Hi Robin! Please introduce yourself and your role.
“I am a technical specialist at ForrestBrown, a leading research and development (R&D) tax consultancy. A mechanical engineer by training, I bring two decades of experience in design and manufacturing to my role, with household names like Bentley and Dyson.
“At ForrestBrown, I work alongside our team of chartered tax advisers to help innovative businesses in the manufacturing sector identify and articulate their R&D, securing vital funding to accelerate their growth plans.”
Tell us about your education and career path...
“After studying automotive engineering at the University of Leeds, I began my career with a tier one supplier to the automotive industry, developing body sealing systems for companies including Aston Martin, Honda and Toyota.
“I then moved to Bentley where I broadened my expertise in closure systems, including bonnets, doors and tailgates for vehicles such as the Bentayga and Continental GT. After a decade with the luxury car manufacturer, I made the switch to Dyson to work on their electric vehicle project. While this ultimately didn’t deliver a commercially available car, it did lead to innovations which have since been applied in other products.
“All of these experiences have proved invaluable since joining ForrestBrown two years ago. Having led design and manufacturing teams, I understand the R&D process and speak the language of the technical teams at the forefront of innovation in the sector.”
What interests you most about the manufacturing sector?
“The manufacturing sector is constantly providing opportunities for improvements and innovation through technological advances. I am particularly interested in the additive manufacturing sector. Additive Manufacturing provides many opportunities and supports the innovation and manufacturing of other products too.”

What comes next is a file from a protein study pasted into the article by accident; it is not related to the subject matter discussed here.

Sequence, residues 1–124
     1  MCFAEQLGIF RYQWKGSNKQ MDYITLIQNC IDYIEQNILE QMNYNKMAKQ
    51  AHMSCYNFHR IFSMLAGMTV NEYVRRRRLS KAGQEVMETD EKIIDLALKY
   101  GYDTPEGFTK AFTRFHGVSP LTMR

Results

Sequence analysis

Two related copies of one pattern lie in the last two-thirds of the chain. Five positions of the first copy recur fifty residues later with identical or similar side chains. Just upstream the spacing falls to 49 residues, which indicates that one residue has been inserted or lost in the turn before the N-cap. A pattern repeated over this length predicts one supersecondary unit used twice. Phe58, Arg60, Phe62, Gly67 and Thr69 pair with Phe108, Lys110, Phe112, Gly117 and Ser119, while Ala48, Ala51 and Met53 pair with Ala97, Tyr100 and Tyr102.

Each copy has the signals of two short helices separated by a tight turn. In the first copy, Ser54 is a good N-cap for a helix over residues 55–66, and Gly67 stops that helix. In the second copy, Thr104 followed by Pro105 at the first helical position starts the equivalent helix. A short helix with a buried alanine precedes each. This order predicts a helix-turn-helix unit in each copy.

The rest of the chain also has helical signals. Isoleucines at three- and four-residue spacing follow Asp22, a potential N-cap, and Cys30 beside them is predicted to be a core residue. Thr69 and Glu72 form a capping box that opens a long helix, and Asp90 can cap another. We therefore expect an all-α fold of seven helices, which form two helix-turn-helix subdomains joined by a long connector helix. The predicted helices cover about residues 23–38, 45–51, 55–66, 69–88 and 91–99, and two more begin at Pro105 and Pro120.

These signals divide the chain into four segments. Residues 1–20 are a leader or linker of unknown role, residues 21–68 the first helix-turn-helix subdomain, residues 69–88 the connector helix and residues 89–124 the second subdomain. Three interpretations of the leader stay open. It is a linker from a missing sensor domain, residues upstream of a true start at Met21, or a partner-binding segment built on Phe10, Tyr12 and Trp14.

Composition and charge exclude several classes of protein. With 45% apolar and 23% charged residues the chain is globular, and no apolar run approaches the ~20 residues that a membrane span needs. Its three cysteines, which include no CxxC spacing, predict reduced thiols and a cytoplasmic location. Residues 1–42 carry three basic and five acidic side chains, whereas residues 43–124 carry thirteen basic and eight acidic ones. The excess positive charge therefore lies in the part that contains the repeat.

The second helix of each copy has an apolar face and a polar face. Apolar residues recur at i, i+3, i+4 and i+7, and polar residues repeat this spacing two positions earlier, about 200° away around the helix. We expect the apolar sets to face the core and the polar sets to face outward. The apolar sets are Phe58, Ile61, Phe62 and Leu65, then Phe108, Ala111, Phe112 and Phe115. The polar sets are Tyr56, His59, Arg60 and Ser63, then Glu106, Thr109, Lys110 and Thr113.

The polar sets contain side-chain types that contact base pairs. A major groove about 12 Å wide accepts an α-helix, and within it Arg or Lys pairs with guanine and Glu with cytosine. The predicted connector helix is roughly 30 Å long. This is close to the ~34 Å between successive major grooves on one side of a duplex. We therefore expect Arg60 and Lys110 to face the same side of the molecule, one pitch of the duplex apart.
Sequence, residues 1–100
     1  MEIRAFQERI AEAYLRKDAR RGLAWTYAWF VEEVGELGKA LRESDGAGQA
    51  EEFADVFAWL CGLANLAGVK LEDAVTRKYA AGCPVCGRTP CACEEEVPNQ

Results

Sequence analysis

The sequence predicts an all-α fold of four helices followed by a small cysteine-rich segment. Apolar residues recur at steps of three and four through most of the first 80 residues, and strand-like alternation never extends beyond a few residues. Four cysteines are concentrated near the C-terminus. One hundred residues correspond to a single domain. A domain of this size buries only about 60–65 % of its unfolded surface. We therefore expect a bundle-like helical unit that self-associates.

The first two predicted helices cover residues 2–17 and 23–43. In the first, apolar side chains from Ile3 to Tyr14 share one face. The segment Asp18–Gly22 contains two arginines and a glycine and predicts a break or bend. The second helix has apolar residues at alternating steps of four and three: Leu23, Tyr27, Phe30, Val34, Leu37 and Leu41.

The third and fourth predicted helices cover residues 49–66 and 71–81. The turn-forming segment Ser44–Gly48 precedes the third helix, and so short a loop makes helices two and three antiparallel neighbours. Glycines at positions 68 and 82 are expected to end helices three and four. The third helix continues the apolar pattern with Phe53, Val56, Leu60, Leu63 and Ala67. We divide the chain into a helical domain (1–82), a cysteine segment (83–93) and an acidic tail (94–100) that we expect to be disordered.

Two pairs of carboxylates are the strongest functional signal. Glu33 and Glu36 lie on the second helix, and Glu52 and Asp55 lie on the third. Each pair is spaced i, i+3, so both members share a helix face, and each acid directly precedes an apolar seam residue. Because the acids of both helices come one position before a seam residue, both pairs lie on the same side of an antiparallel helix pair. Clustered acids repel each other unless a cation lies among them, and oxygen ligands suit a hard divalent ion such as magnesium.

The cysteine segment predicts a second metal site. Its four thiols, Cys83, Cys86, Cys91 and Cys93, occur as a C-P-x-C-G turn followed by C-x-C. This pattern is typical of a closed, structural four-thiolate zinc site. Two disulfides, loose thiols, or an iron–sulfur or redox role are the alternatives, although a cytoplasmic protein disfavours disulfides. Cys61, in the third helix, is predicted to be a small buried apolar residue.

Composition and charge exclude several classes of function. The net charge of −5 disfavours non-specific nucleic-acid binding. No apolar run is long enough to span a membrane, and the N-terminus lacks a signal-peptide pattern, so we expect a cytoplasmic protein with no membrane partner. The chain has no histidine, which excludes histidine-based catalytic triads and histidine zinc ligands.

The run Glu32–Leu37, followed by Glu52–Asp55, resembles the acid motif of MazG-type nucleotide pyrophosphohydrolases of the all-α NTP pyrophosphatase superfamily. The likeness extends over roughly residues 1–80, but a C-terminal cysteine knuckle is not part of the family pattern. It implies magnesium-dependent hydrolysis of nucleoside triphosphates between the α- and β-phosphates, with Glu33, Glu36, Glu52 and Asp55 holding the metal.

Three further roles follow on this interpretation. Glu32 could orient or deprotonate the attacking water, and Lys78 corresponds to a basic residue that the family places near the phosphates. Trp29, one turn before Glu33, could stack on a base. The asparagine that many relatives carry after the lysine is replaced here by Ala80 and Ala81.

Tell us about the importance of digital transformation in manufacturing?
“From the digitisation of previously manual machining processes to integrating new technologies with legacy back-end systems, digital transformation is driving innovation which is enabling manufacturers to remain competitive in a global market. Supply chain challenges and other global uncertainties made manufacturers think differently and adapt to bring rapid changes in manufacturing processes. Ultimately, it all fuels growth and further innovation in the sector which can only be a good thing for the UK as a whole.”
Can you tell us how political chaos is hindering the manufacturing sector?
“Manufacturing has the potential to be the engine of UK economic recovery, particularly beyond London and the South East. Investment in innovation is required to ensure UK companies keep pace in a global market, and whatever the makeup of the government, it is important that it gets fully behind the sector.
“One way of demonstrating this would be through reform of capital allowances. R&D tax relief is focused on revenue expenditure while the attractiveness of the current capital allowances regime for R&D has been eroded by the introduction of the Annual Investment Allowance (AIA) and the super-deduction.
“A more generous rate for R&D capital allowances (RDAs) is required to better incentivise investment in capital assets for R&D purposes. The current system also penalises companies in a post-R&D loss-making position. This is because, unlike for other types of qualifying R&D expenditure, RDAs do not generate a cash credit.